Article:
Psst... We're working on the next generation of Chowhound! View >
HOME > Chowhound > General Topics >
Jul 10, 2006 12:28 AM

Butterfish or Swordfish? [moved thread digression from Canada board]

What tastes better? Butterfish or Swordfish?

  1. Click to Upload a photo (10 MB limit)
  1. There was a discussion here a few weeks ago about the bad effects of eating butterfish. I wouldn't recommend it.

    2 Replies
    1. re: Seattle Rose

      A chef friend of mine turned me off swordfish when he said it almost always has worms in it. This was years ago and I didn't ask him to elaborate or show me, but just the thought of it has put me off swordfish.

      1. re: Seattle Rose

        FYI, there are no known "bad effects" from eating butterfish.

        The poster who shared that information was confusing it with escolar (aka OILFISH.)

        Here's the link to that discussion:

      2. I love a thick, meaty grilled Swordfish steak.

        I serve mine with a mint-basil-jalapeno-macadamia nut pesto that I invented:)

        1. About 25 years ago, butterfish filets were the most common, and cheapest, fish in the markets here in the Bay Area. I haven't seen them in years. Have they stopped catching them? Or has there been a semantic sea-change and they're now called something else?

          1 Reply
          1. re: Sharuf

            Butterfish is both a common name and a vernacular name for a lot of different fish species. The FDA encourages fish sellers to use the market name so that it is correctly branded (clear as to what is being sold).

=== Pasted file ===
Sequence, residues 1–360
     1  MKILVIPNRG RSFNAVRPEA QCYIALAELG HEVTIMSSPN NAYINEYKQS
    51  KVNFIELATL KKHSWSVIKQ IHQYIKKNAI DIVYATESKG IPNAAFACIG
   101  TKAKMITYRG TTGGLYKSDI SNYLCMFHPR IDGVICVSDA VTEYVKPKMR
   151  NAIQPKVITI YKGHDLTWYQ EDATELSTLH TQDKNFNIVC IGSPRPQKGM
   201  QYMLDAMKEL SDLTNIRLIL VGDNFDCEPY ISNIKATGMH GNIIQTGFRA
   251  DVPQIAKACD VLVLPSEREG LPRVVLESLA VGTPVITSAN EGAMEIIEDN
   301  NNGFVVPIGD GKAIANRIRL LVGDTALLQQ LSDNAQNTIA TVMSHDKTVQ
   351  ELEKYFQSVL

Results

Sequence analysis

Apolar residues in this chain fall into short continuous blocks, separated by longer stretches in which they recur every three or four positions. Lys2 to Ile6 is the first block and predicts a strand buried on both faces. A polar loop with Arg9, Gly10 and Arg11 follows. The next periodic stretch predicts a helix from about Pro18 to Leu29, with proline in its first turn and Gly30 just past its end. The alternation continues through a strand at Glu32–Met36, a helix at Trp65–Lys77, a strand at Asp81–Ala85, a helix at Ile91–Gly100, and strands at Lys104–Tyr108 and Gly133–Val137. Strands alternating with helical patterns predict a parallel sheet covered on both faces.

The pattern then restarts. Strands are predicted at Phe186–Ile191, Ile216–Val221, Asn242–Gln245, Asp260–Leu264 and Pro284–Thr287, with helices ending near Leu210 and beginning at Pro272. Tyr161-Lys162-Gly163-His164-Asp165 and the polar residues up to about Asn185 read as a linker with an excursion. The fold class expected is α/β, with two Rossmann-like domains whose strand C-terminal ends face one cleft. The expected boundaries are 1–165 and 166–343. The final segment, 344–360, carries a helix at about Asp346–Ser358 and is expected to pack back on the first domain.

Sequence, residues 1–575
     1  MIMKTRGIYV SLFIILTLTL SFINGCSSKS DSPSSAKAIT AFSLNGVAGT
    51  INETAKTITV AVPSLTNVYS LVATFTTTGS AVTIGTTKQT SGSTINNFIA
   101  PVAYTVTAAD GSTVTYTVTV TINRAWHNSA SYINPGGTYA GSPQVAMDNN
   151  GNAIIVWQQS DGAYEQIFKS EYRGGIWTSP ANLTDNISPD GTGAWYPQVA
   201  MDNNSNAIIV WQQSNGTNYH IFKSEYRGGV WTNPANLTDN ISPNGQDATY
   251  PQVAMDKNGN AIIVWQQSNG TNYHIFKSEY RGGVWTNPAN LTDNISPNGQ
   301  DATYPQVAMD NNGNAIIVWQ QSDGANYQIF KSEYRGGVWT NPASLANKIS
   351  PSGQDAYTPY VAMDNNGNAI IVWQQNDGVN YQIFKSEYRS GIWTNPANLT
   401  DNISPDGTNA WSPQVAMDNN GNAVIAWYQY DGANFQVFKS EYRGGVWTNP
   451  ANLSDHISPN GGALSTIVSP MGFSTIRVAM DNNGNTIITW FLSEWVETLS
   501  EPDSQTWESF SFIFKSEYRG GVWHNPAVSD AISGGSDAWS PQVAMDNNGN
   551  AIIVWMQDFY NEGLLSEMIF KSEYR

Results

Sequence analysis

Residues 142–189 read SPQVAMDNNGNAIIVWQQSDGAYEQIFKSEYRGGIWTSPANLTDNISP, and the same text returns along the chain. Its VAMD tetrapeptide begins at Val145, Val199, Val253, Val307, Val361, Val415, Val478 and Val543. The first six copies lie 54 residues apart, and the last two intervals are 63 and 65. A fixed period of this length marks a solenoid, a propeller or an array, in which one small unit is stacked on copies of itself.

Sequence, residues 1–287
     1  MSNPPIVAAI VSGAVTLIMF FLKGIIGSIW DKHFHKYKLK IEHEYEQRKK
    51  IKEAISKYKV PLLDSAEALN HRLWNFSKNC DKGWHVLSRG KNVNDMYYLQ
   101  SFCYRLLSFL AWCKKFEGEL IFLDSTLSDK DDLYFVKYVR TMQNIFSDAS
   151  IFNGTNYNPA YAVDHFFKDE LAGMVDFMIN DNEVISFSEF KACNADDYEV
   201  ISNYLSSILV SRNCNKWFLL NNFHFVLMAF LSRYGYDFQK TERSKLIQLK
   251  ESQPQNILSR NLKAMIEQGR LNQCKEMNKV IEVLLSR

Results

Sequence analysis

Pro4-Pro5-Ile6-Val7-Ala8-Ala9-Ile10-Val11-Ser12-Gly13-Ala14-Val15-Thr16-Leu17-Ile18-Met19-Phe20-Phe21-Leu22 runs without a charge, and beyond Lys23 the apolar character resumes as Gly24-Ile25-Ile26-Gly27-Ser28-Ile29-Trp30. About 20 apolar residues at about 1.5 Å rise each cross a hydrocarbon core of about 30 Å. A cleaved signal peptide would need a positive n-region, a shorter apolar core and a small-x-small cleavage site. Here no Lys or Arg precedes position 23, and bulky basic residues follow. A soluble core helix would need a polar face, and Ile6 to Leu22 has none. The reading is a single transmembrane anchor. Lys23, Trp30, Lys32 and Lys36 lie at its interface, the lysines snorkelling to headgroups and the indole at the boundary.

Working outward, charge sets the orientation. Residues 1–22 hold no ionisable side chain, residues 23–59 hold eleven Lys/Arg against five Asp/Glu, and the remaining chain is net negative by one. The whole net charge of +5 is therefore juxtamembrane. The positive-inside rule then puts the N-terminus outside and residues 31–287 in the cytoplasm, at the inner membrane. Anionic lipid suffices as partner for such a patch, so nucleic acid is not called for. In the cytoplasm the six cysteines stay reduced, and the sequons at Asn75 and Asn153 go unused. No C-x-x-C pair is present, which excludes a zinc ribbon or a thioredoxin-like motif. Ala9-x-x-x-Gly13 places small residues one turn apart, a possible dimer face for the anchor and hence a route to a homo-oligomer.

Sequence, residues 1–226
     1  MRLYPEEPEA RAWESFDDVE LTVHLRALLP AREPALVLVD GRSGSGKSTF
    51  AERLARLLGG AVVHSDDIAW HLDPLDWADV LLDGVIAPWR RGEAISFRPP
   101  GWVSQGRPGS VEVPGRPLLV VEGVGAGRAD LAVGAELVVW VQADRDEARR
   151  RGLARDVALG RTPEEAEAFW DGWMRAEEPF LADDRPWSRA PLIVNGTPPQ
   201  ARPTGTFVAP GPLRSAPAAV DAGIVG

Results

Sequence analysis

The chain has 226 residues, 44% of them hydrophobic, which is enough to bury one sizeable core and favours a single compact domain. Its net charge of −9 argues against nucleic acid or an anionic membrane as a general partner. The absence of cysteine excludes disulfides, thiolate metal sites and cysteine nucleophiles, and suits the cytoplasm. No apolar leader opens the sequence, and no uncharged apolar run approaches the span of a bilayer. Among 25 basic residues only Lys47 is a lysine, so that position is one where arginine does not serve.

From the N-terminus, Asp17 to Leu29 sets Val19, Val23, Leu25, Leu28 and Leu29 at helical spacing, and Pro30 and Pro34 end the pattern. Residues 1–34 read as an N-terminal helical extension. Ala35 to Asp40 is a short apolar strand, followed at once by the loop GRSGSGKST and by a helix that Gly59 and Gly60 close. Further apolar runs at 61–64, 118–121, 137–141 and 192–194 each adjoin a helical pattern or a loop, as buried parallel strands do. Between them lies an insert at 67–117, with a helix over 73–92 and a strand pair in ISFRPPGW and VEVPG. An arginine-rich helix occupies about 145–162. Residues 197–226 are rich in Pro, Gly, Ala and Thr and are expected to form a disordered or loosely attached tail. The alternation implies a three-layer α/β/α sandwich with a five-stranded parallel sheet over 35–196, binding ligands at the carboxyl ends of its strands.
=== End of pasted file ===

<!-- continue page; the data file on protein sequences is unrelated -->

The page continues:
When you say "Butterfish," perhaps you mean Sablefish? Sablefish, or Anoplopoma fimbria to the marine biologists among us, is also known as Black Cod, Butterfish, Skil, Skilfish, Beshow, and Coalfish.

            If so, you are talking about a species that had been traditionally harvested on the Calfornia coast via trawling.

            Trawling, or dragging heavily weighted nets across the sea bottom to scoop up groundfish, tends to damage the ocean floor as it does so. It also tends to scoop up & kill a lot of fish that aren't being sought for harvest. As a result, sablefish stocks from the California coast are fully fished, the habitat is damaged so the stocks need help to recover, and the regulatory bodies are looking for better ways to stabilize the population.

            Here's a link to a NY Time article about one effort to address this phenomenon.

            Same species, different location: sablefish from the Alaska or British Columbia coasts are caught using different methods and are rated as an excellent seafood choice by the Monterey Bay Aquarium Seafood Watch Program (

            Monterey Bay also notes that sablefish brings a great price in Japan for sushi, which is why you might not see it among the bargains at your local fish shop.

          2. I would recommend butterfish. Swordfish, along with shark, has some of the highest mercury contents among fish.

            Sometimes, butterfish is mistakenly referred to as sablefish.

            Roy's restaurant makes an excellent butterfish.